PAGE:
Len Giancola: I personally do not like Airbnb in our market, because I find that the quality of inquiry from that source is not high. We prefer VRBO and HomeAway, and our own website, as it produced better and more qualified leads for the type of properties we have. Airbnb, so far our experience – I know it’s very popular across the world, but in our experience in our little niche it has not produced quality clientele.
Joe Fairless: Your properties are more high-end, therefore you’re looking for a higher price point than perhaps the Airbnb shoppers.
Len Giancola: Yeah, they rent from $2,000 to $7,000 a week, our properties.
Joe Fairless: Alright, so when you have a customer who comes and rents a $5,000/week house and they leave, how do you stay in touch with them, if at all, after they leave?
Len Giancola: We have an e-mail campaign. We have different groups that we set up and we use constant contact. We just follow up with them weekly. We do two different things – we send out certain e-mail streams or campaigns to people who have enquired and not booked with us, and then repeat guests. So we have two different e-mail campaigns that we send to keep in touch with all of those people that have shown interest and/or stayed with us.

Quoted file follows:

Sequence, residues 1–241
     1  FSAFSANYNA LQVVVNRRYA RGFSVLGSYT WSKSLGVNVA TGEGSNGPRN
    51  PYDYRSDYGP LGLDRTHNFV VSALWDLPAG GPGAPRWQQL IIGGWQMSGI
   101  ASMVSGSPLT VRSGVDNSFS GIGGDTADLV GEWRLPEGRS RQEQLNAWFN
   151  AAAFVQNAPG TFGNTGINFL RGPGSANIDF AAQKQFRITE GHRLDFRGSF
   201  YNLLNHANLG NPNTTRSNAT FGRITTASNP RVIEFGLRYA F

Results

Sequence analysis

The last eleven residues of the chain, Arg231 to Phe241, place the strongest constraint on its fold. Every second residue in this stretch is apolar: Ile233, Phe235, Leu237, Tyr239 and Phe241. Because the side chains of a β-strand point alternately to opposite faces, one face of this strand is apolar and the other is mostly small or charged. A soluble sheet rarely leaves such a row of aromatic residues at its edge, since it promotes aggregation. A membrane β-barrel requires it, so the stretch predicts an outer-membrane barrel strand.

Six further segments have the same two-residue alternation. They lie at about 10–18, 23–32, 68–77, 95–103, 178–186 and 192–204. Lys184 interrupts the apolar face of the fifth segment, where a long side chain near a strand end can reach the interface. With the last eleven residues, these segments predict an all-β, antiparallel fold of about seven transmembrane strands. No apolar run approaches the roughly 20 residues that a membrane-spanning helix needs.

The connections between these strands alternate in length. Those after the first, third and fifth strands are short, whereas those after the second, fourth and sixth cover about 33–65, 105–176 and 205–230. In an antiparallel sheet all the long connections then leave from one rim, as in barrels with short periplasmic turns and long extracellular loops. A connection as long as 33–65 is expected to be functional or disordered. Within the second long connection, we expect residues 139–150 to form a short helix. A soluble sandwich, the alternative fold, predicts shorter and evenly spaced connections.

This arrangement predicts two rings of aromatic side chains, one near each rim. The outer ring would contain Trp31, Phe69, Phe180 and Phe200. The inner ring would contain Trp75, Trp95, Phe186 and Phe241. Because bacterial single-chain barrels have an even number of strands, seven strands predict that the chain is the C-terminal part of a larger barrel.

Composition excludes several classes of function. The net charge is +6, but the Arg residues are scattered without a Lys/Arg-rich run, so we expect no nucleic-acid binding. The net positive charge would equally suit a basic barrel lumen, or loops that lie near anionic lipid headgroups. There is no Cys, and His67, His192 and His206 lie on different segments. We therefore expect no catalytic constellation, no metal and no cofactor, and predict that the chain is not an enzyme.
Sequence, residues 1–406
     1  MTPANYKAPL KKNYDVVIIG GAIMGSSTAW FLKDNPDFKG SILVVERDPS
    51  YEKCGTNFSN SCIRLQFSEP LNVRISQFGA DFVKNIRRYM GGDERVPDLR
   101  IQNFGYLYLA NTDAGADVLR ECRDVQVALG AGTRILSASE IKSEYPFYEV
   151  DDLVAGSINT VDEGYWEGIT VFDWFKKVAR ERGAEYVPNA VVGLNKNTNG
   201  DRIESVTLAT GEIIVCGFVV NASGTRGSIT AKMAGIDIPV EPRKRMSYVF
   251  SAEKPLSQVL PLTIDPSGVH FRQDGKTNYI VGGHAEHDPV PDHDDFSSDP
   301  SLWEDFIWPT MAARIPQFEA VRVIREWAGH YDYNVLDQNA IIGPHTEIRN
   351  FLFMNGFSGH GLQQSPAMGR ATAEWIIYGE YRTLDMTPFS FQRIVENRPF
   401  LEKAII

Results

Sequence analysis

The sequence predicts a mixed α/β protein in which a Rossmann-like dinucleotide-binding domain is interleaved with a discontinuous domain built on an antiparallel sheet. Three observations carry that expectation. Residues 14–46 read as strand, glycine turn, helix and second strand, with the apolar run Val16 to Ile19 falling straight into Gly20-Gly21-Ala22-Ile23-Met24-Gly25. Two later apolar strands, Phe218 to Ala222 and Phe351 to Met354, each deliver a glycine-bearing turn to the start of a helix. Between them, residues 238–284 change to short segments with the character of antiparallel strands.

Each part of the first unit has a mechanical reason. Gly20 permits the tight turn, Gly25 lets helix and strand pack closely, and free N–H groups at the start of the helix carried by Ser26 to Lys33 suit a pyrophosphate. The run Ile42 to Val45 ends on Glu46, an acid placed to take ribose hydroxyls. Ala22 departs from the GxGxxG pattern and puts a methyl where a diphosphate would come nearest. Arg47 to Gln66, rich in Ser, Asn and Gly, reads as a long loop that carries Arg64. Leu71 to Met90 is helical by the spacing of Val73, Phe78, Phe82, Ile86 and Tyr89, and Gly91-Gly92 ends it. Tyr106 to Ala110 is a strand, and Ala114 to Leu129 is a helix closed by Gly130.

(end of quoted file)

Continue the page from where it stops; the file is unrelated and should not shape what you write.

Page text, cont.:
Joe Fairless: What’s the flow or what would I expect to receive from an “it adds value to my life” standpoint if I haven’t booked and I’m in the stream?
Len Giancola: If you haven’t booker?
Joe Fairless: Yeah, if I’ve never booked with you.
Len Giancola: It’s similar, but yet different. We’ll send them specials on last-minute bookings, upcoming events, and then we’ll do the same for people that stayed with us; we’ll give them a discount just because they’ve stayed with us on any stay they wanna have with us in the future. We kind of show them specials and show them new properties. “Hey, before we release this new property, we just signed this one up. We wanna give you a first crack because you’ve got interest before and you’ve stayed with us before.” So we make it different, but it’s the same message.
Joe Fairless: Based on your experience in multiple areas of real estate – primarily we focused our time on vacation rentals and the management of them – what is your best advice ever for real estate investors?
Len Giancola: My best advice ever is protect your downside by making sure whatever you invest in cashflows at 2008 and 2009 price levels.
Joe Fairless: And how do you do that with vacation rentals?
Len Giancola: I do it because when I acquire a property I don’t buy anything at retail. I almost use what you were referring to earlier – I know when people in my niche, I know a lot of the owners, I know when some people are having some financial issues and they need to get out of the property, and I generally try to pounce on those opportunities to either help them get out of the property, but also get it at a discount for helping them. Then I will purchase stuff at a discount, I will build at my own cost, and I will manage at my own cost, so I know that I’m going to cash-flow even if 2008 happens again.